Humans have always been fascinated with how the mind works. How can a unique ‘you’ with memories, thoughts and feelings be created by the activity of 100 billion neurons (or nerve cells) in the brain? And what happens in the brain when people suffer from mental illness, or from diseases like Alzheimer's?
Chelan Weaver, PhD student
Medical Research Council (MRC) Cognition and Brain Sciences Unit, University of Cambridge
Career path and qualifications
I grew up in Olympia, Washington, US and fell in love with biology thanks to two outstanding high school teachers who inspired me with their limitless curiosity about living things. I studied for a BA degree in Biopsychology at Vassar College, New York and then went on to look at how brains drive our behaviour, and began researching cognitive control for a Masters degree in Cognitive Neuroscience at the University of Oregon. I am now studying for my PhD in Biological Sciences at the MRC Cognition and Brain Sciences Unit in Cambridge on a Gates Scholarship.
What inspired you?
My interest in the complex relationship between brain and behaviour came when I was studying for my undergraduate degree. I enjoyed a wide range of hands-on experience in research and had the opportunity to see how scientists were investigating fundamental questions about how brains work. I decided I also wanted to be involved in answering questions about how brains drive our behaviour.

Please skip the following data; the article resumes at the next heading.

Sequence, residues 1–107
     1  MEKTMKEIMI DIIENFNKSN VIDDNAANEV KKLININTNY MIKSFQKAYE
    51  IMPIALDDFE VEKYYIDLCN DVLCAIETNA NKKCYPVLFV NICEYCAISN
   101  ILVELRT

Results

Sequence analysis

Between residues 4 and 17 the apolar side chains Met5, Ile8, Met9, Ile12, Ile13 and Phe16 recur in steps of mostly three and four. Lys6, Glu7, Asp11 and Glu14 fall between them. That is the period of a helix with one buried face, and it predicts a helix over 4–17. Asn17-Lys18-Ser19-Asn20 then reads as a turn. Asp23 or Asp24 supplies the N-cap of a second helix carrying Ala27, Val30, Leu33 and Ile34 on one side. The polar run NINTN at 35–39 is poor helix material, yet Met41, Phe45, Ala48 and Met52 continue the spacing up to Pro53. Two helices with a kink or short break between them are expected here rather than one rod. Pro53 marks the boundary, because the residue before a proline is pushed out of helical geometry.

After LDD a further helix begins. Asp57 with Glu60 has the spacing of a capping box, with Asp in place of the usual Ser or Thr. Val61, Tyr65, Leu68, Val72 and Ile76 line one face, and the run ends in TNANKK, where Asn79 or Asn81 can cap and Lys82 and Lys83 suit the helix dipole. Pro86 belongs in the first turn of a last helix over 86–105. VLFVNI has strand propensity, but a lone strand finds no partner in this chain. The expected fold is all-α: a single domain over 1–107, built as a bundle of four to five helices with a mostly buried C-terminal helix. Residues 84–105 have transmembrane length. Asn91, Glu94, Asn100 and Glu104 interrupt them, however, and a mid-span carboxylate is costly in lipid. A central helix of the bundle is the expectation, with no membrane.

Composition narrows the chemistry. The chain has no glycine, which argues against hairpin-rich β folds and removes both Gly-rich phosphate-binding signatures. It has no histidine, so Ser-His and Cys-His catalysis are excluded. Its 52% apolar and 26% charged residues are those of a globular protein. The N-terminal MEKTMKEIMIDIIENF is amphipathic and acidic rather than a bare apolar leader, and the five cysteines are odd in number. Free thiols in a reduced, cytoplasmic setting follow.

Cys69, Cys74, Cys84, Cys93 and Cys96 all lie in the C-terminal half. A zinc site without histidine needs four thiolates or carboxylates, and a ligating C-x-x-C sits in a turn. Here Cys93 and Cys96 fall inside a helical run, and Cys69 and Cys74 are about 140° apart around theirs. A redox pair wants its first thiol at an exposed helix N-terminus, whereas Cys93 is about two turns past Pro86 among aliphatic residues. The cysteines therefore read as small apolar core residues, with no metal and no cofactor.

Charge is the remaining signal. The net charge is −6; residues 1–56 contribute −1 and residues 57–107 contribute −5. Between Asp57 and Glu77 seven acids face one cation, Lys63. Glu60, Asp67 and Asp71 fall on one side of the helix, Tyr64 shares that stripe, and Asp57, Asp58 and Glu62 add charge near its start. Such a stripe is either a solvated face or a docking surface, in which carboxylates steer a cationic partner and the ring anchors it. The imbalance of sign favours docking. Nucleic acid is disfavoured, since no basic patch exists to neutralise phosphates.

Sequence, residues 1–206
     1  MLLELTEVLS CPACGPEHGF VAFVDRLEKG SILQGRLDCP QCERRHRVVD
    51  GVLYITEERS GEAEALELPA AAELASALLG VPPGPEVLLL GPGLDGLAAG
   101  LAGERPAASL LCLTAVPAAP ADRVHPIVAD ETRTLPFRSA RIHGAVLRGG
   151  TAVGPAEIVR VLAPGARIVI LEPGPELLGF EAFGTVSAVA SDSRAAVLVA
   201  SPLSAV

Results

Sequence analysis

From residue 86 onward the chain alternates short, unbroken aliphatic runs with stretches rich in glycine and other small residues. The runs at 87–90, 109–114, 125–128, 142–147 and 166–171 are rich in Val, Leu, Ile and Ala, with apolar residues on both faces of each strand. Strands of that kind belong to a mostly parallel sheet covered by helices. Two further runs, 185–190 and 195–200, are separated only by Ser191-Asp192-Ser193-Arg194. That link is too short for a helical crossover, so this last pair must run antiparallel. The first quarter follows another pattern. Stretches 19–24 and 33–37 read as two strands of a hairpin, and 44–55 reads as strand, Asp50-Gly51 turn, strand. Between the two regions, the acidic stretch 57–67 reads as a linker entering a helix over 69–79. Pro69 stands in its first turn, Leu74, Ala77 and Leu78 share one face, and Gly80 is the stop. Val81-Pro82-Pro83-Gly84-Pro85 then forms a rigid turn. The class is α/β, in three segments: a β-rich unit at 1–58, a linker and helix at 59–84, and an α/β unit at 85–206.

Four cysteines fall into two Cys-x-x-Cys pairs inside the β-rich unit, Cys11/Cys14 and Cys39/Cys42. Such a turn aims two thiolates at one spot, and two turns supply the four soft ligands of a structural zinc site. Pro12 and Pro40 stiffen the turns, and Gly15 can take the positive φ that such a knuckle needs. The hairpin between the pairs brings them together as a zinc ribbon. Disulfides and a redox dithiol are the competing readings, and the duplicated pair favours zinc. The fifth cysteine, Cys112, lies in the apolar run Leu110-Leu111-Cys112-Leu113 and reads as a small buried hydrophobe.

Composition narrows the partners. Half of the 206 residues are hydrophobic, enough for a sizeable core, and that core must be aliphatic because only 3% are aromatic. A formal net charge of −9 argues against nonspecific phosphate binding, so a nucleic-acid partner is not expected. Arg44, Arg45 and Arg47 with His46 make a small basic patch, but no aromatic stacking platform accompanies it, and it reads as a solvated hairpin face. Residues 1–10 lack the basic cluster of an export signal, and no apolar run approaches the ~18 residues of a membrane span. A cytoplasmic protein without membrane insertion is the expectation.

In my PhD I am studying control mechanisms in the brain - such as awareness, perception, reasoning, and judgment. Inhibitory control is very important and is the ability to modify our behaviour by stopping unwanted responses. I am looking at whether two different types of responses, thoughts and actions, are stopped using the same processes. Being able to stop inappropriate behaviours is important for happiness, health, and academic success
My ultimate goal is to learn as much as I can about how people control their thoughts and actions. I'm excited by the prospect of a career in research because every day brings the possibility of making a fundamental new discovery. Equally thrilling is the ability to share these discoveries not only with colleagues around the world, but also with the next generation of scientists and members of the public. What most attracts me to university research is the incredible capacity to make significant and enduring contributions at so many levels.
Outside the lab
I enjoy doing all sorts of stuff, but I especially like cooking, hiking, reading, baking and exploring.